Review – Gringo

Admittedly, movies in the vein of Nash Edgerton’s Gringo aren’t always my cup of tea. I can’t really explain why, outside of possibly my difficulty in relating to and empathizing with criminals that are also ostensibly the protagonist(s) of the film. I took a chance on this one, anyway, due to the strong cast and fairly promising trailer and while the film won’t make my year-end Top 25, I found it to be mostly a good enough experience to warrant the time invested.

David Oyelowo plays Harold Soyenka, a middle-management office worker who longs for little more than love and respect. In a desperate bid for both, he finds himself embroiled in the criminal dealings of his employer Richard Rusk and Rusk’s associate Elaine Markinson. The deeper Harold dives, the more he finds himself becoming both increasingly out of his element as well as expendable.

What I appreciated most about Gringo is that Harold is unquestionably a good man. He’s suffering from a “crisis of faith” as he, himself, comes to realize. But so often these crime films have no one for the audience to relate to or cheer for – no audience anchor. Not always. And, as far as these everyman-breaks-bad-but-gets-in-over-his-head stories go, this one isn’t particularly groundbreaking or atypical. But Oyelowo provides an energetic boost to the film, playing a role unlike his norm, and is endlessly endearing and entertaining. When he sings along to a very famous song while driving alone in his car near the beginning of the film, I couldn’t help but think that I might be watching one of the most relatable movie moments in quite some time.

The rest of the cast do their thing, as well, each playing an essential part in the overall scheme. Like Oyelowo, Joel Edgerton is also playing against type and seems to be enjoying himself. Both his Richard and Theron’s Elaine are joyfully sleazy and are a blast to watch. One almost feels bad laughing at some of their cutting one-liners. Almost.  But the two of them are simply having too much fun to not jump in there and enjoy it alongside them.  So, I’m guilt-free.

Sharlto Copley also gets to ham it up, and he’s great (as always) as Richard’s conflicted brother Mitch. Mitch doesn’t exactly have any deep-seated convictions but once he meets Harold, that might just begin to change.  And then Amanda Seyfried plays Sunny, a young woman who is sympathetic to Harold’s plight but also in danger of following down a similar path.  Both drive home the idea that Harold has a positive effect on those around him; he’s just too lacking in self-awareness to realize it.  In their interactions with Oyelowo,  both Copley and Seyfried add just a little something extra to the overall package, helping to prevent the rather unimaginative narrative from feeling too stale.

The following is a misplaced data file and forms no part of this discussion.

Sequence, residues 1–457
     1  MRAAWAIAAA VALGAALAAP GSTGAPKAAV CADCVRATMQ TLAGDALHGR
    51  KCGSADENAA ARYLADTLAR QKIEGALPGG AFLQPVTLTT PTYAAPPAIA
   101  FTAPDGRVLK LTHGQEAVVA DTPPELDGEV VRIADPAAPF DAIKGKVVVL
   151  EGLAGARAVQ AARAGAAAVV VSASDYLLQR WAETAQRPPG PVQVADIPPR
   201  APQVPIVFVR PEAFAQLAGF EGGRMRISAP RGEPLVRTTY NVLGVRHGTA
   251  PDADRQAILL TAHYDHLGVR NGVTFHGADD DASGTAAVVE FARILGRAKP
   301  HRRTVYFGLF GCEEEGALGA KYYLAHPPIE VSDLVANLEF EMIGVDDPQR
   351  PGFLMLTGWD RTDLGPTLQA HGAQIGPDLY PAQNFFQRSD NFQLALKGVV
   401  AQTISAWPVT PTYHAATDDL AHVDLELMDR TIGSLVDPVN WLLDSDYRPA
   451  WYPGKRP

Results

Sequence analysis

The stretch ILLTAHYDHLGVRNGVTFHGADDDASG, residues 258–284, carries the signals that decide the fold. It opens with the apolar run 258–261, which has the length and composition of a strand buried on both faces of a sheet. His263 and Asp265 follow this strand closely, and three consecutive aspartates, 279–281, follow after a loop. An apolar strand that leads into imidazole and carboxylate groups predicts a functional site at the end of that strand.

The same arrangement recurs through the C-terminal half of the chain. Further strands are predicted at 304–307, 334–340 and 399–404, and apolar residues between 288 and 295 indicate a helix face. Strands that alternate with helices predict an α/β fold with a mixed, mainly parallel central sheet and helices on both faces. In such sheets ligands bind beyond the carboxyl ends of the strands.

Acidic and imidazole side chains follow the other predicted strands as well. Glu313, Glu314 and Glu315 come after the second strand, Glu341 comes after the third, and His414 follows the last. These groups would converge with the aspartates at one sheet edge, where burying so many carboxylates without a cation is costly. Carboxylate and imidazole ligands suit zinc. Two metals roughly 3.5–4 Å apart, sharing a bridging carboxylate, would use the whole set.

And if the narrative is all one focuses on, I can understand perhaps not caring for the film all too much. Again, not because it’s poor but because it’s standard. The real fun in the film is in the little things. It’s in the characters and the performances and the one-liners and the interactions and the brief moments that happen quickly, but also often. This is where the film shines, but the viewer has to be willing to look at the trees and not just the forest.


Ultimately, I completely understand how Gringo could be a take-it-or-leave-it film.  I enjoyed the performances, the dialogue, and the character work.  The cast completely commits to making these characters enjoyable, memorable, and believable and they all clearly relish in their roles, especially Oyelowo, Theron, and Edgerton.  I laughed a few times, chuckled even more often, and generally had more fun than I expected to have.  But it’s also a film I don’t expect to watch, again.  The narrative wasn’t fresh enough and the film unfortunately does start to drag towards the end.  There can only be so many twists before they begin to become somewhat tiresome.

So, much like A Wrinkle in Time, what we have in Gringo is a mediocre film (though I personally enjoyed it more than A Wrinkle in Time).  Fans of any of these great actors who want to see them having a good time or those who truly enjoy the crime caper subgenre of film can probably give it a go without worrying about it falling flat.  But those who absolutely need a compelling, original narrative in order to become engaged should seek out other options.

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